1. A label printing apparatus comprising: a data input device for inputting information defining an image to be printed; a housing providing a cassette receiving bay for receiving a cassette holding printing tape on which the image is to be printed; a printing mechanisn including a thermal printhead having a group of printing elements to which pixel data defining the image to be printed is passed sequentially on a group-by-group basis by a printhead controller connected to the data input device; and, a drive system operatively connected to said printing mechanism comprising: a dc motor operable to continuously drive said printing tape past the printing mechanism in a printing direction; means for monitoring the speed of rotation of the motor end connected to said printhead controller to cause said groups of pixel data to be sequentially printed adjacent une another in the printing direction of the printing tape in dependence on the speed of rotation of the motor; and, meanas for controlling the speed of rotation of the motor to maintain 20 an approximately constant level by applying a maximum drive to the motor if the sp-ed detected by the monitoring means falls below a first predetermined :value, no drive if the speed exceeds a second predetermined value and a linear drive versus speed characteristic between the first and second predetermined values, 25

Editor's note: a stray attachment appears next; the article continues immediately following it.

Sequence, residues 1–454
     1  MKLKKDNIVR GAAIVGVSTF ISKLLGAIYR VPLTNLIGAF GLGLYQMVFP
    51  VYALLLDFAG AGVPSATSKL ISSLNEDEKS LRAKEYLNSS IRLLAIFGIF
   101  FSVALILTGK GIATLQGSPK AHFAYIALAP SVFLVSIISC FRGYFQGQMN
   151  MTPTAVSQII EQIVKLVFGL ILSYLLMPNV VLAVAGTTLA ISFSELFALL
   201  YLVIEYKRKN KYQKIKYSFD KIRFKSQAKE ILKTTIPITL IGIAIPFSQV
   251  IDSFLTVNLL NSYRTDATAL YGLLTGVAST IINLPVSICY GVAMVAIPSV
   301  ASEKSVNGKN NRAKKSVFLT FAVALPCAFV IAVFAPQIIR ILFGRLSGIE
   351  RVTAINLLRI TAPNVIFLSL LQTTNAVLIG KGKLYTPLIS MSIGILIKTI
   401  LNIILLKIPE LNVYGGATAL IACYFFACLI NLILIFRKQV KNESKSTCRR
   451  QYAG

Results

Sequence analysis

2. A printing apparatud according to claim 1 wherein the printing mechanism includes a platen which is caused to rotate by the drive motor and which moves the printing tape through friction.
3. A printing apparatus according to claim 1 or 2 wherein the speed monitoring means comprises a shaft encoder.
4. A printing apparatus according to claim 3 wherein the shaft encoder comprises a slotted disc arranged to rotate with a shaft of the dc motor and a light source and a light detector on opposed sides of the dLc. A printing apparatus according to claims 3 or 4 wherein the shaft encoder generates pulses at a frequency dependent on the speed of the motor and wherein said pulses cause the print head controller to generate dat strobe signals each of which causes a group of pixel data to be printed.
I L I
6. A printing apparatus according to claim 5 wherein a data strobe signal is produced for a integral number of pulses generated by the shaft encoder,